In a continuation of their mission, the relatively recent addition to the New York art scene, Li Tang community, recently concluded its retrospective exhibition “Echoes of Home”. The two-week show, featuring 27 emerging to established Asian artists, was shown in unison at the RIVAA (Roosevelt Island Visual Art Association) Gallery.
The show is a masterful foray for Li Tang Gallery to take on the white-walled physical space of a gallery. Coming about during the pandemic, Li Tang community has spent the last three years developing programming and exhibitions within the virtual sphere, engaging its New York and international audiences through the digital forms we become accustomed to during our isolation.
What we witness as we walk room by room, is what it means to be a part of the Asian diaspora relocating to the United States. Under the curatorial direction of community founder Webson Ji and co-curator Huixian Dong, these works of art harmonize, not only in color, style, and form but as they coalesce into a portrait of the modern lived experience of these artists and their communities.
In true Li Tang style, the exhibition is not just diverse in perspectives but in mediums. Paintings, sculpture, design, video, and more fill the walls and rooms of RIVAA. Immediately striking is Zhiheng “Leo” Gong’s “mEAT”. Bold red blocks of wood spiral forth from a central wall of the gallery into our space. Catching our eye and forcing us to rethink how we inhabit the space, the piece channels Gong’s signature immersive style of abstract deconstruction that results in an almost organic architectural form.
Weihui Lu, in contrast, engages with a more traditional medium, acrylic on canvas. This large scale work feels abstract upon first encounter until we notice the familiar. Swirling blues separate the light and dark of her canvas like cascading water. There is struggle and solace, beauty and turmoil, all encapsulated in the brushstrokes of “Kaaterskill Falls” that bring together the physical landscapes with the psychological ones we inhabit on a daily basis.
With two smaller artworks within the gallery, Ami Park adds materiality to the exhibition with her fiber-based practice. “Fragment” and “Lips” feel like we are peering through a microscope of the cotton ropes and fabrics twisting tighter and tighter together. She is using her own language of embroidery to read the vibrations of existence, the invisible connections that are viscerally felt between our human minds, and how these form our perceptions of the self.
The act of looking is challenged yet again in Sun Young Kang’s “Impossibly Connected”. We are staring at this piece removed from its setting, unable to feel the dimensionality of the form. Yet, there is a palpable tension. The artist has stitched their own hair into the printed photograph mounted to the wood panel. The strain of these delicate strands juxtaposed with the dense weight of the block leaves us uneasy, awaiting an inevitable snapping of their taught forms that never comes.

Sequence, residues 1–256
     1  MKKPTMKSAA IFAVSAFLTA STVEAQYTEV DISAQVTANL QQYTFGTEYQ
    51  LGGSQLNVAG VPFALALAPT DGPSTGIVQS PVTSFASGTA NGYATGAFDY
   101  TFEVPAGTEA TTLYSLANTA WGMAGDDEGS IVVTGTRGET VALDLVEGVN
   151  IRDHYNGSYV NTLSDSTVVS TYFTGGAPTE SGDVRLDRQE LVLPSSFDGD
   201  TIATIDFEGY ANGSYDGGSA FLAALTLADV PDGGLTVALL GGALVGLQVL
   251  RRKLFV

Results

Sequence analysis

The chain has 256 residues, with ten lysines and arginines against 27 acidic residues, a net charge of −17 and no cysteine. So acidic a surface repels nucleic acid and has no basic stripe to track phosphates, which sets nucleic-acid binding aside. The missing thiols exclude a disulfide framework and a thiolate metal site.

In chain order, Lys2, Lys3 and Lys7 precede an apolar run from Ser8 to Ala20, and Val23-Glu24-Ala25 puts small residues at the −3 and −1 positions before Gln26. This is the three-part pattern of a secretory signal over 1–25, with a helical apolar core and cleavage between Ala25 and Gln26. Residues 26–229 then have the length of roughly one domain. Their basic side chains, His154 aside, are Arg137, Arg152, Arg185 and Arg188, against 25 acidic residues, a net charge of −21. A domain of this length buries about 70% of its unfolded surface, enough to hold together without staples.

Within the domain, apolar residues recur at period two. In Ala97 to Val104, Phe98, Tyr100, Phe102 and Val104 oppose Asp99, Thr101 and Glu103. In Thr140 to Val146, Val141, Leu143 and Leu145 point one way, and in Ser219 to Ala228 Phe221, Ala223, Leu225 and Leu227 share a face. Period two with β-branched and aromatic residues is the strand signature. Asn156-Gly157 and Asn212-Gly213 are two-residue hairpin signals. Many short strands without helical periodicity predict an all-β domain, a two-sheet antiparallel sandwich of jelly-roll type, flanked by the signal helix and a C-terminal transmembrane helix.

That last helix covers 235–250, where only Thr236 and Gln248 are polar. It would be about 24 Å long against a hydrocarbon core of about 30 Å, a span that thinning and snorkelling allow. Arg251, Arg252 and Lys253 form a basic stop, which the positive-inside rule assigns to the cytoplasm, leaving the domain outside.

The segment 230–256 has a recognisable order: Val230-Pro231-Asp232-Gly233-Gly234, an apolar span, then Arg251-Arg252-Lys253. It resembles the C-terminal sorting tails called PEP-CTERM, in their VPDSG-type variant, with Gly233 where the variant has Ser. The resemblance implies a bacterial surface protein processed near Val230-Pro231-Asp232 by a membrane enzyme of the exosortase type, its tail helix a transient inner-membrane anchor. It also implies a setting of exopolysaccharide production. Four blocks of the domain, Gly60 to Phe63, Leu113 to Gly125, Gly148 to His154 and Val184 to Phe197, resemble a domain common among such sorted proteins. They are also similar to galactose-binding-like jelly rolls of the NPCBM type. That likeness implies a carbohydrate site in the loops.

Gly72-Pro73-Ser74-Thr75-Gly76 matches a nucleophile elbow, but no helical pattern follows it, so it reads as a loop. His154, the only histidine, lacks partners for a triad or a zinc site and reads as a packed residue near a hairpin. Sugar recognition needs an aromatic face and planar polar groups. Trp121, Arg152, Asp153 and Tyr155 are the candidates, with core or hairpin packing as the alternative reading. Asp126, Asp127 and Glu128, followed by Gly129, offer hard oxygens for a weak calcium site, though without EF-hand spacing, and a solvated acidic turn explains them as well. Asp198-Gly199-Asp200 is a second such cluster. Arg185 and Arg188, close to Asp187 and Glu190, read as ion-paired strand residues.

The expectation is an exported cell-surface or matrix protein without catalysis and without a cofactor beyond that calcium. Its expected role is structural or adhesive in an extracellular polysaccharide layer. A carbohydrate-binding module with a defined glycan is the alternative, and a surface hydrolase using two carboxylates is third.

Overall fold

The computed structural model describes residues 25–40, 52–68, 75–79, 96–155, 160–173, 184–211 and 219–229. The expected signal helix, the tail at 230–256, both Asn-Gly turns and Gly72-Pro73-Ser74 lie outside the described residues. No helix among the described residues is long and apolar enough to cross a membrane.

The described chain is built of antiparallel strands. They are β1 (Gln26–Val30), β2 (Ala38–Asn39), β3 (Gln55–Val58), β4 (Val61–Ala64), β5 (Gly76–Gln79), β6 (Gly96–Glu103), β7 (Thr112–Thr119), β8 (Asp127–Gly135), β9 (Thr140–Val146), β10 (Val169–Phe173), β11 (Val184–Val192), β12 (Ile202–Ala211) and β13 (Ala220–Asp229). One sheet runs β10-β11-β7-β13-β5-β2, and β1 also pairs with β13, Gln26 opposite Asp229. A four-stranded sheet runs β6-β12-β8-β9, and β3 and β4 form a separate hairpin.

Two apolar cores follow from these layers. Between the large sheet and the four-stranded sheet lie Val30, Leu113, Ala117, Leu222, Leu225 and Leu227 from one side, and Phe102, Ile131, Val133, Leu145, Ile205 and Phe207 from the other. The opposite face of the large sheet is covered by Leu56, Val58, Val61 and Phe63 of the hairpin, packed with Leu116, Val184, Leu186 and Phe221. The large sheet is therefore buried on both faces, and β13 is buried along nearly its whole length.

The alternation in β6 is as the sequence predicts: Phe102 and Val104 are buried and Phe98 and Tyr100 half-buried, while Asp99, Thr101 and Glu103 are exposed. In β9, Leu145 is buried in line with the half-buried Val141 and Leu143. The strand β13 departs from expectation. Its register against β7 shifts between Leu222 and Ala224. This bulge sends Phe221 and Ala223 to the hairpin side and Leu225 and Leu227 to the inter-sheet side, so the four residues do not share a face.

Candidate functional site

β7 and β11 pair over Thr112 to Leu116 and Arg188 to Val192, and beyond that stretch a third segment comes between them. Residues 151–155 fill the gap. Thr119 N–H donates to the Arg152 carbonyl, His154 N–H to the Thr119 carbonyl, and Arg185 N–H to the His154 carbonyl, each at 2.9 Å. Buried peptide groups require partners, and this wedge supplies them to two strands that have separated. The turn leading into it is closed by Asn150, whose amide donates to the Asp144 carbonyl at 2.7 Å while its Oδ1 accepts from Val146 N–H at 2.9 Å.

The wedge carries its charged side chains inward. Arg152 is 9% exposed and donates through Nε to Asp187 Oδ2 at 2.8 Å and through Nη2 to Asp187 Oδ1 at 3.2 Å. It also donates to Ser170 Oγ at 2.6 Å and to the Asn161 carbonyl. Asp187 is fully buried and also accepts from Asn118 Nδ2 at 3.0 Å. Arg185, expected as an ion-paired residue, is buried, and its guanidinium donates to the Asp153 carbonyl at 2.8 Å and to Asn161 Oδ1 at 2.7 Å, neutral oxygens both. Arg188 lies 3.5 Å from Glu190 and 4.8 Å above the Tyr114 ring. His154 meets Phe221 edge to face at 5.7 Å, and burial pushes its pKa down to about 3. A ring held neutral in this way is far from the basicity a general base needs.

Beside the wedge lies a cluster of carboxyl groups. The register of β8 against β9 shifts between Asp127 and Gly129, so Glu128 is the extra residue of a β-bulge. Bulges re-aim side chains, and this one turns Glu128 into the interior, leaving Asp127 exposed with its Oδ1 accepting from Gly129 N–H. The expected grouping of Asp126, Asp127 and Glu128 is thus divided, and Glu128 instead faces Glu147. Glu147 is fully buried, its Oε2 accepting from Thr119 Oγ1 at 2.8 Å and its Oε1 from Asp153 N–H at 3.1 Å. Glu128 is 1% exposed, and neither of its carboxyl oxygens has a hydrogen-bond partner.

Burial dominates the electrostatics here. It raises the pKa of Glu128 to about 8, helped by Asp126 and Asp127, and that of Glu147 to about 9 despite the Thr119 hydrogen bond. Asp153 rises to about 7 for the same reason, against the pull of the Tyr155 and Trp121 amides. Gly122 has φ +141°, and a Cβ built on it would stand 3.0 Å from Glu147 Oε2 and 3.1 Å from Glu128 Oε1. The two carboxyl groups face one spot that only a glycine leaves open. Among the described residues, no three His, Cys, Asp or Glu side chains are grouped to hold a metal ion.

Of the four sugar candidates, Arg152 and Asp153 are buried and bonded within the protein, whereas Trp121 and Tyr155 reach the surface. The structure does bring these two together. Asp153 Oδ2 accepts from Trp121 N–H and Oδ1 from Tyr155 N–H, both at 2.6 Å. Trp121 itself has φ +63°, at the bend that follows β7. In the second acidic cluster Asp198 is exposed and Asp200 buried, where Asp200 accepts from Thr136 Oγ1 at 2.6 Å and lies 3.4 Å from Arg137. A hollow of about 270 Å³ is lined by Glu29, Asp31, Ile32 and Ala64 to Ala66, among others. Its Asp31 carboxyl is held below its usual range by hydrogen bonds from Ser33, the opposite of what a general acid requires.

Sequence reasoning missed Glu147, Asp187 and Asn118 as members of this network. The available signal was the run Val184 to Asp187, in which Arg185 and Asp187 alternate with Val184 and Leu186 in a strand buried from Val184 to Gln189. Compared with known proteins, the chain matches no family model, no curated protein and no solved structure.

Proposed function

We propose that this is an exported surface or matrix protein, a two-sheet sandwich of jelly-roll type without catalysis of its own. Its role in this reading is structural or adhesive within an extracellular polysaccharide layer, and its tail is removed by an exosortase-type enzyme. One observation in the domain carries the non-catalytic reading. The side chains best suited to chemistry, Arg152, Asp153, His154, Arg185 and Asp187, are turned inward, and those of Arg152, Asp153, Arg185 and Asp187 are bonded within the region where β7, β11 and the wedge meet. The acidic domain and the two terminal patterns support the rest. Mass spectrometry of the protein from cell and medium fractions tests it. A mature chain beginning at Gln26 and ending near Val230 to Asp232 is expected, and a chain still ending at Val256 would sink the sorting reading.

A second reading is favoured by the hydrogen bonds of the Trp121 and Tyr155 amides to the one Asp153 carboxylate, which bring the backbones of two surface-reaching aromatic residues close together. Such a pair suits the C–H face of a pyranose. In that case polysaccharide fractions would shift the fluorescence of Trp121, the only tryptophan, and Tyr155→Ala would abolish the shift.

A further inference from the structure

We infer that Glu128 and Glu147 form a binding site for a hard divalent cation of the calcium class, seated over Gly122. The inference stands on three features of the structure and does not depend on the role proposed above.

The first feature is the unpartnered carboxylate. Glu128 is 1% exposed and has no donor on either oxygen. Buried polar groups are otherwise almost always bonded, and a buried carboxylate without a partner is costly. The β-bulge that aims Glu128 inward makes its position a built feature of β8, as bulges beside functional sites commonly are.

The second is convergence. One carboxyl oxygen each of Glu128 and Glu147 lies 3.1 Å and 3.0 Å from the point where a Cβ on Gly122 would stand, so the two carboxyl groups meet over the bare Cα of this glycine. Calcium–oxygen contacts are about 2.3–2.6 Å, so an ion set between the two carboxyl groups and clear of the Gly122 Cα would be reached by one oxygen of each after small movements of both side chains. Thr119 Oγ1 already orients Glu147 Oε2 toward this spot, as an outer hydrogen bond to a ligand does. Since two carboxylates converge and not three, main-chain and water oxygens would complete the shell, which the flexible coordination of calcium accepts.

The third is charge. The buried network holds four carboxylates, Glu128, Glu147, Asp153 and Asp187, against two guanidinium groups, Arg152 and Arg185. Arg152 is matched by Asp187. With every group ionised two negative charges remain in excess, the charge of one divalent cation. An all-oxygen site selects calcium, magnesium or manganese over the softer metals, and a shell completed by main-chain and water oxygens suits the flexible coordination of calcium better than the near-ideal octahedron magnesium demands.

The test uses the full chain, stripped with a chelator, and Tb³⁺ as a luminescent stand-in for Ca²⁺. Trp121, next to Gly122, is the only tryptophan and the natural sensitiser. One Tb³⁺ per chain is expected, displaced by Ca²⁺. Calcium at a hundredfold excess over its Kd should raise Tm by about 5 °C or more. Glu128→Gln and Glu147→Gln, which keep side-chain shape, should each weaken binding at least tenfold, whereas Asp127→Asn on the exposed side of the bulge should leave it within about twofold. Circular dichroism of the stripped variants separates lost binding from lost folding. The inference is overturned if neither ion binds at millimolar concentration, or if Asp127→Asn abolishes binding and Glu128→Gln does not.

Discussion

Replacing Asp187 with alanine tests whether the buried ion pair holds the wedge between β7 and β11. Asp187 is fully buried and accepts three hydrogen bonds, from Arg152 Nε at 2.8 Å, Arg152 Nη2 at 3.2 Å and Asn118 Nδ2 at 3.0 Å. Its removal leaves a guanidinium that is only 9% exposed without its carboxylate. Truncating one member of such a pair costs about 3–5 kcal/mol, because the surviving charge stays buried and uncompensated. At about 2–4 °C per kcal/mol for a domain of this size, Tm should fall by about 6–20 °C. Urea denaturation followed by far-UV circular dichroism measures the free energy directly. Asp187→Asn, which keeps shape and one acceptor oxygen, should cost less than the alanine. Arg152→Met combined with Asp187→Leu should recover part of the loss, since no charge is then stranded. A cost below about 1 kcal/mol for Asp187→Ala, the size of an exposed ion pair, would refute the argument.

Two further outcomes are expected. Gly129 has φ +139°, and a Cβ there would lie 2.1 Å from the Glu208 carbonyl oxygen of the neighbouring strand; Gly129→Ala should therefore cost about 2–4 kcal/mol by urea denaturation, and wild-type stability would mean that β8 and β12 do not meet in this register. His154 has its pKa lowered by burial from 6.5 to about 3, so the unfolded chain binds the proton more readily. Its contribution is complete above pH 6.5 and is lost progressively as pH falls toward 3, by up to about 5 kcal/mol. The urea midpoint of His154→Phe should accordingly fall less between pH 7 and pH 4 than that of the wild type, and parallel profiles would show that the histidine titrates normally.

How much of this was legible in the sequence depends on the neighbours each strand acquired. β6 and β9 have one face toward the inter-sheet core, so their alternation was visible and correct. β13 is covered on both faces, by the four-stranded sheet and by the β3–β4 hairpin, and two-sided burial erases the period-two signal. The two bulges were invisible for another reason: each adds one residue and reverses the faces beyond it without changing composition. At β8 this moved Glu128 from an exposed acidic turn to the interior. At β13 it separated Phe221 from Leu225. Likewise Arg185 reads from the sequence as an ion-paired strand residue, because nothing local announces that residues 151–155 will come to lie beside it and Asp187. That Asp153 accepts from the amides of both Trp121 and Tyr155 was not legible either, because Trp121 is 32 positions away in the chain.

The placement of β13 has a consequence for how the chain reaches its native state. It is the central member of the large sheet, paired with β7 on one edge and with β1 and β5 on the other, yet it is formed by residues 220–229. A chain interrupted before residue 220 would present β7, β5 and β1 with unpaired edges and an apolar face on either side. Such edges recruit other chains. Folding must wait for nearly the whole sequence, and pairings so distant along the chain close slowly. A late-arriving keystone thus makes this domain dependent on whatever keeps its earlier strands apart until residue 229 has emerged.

“Landscape: Lens 3” is a silkscreen image atop a small circular mirror constructed by Doi Kim. The piece forces us to examine the act of looking. In gray, the anatomical features of the eye are sketched across the reflective surfaces. The faint color forces the viewer’s eye to continually change focus, from the intricate drawing back to an image of themselves in the act of staring. Kim is asking us to place ourselves back into the mainstream narratives, understanding our part and ability to challenge them. She asks us to truly see ourselves and those around us with greater awareness and empathy.
Each work delves deeper into the physical and emotionally lived experiences of these members of the Asian diaspora. They offer new portals for others to understand their plights and find companionship in shared struggles. They are manifesting their unique journeys, their influence, and the importance of their presence.
The show is a testament to not only Li Tang’s ability to achieve their mission to amplify the creative voices of the present-day Asian diaspora but how they have created a community. Bringing together artists, fellow galleries, and art enthusiasts, “Echoes of Home” proves Li Tang community is more than a platform for artists but a space for them to find a sense of belonging, a new home.
Exhibition is currently on view at www.litanggallery.com.
Review by Shannon Permenter
Shannon Permenter is a freelance writer and art historian based in Arizona. After completing her Masters in History & Theory of Contemporary Art from the San Francisco Art Institute she has channeled her passion for the arts into a career helping artists, curators, and nonprofits share their work with the world.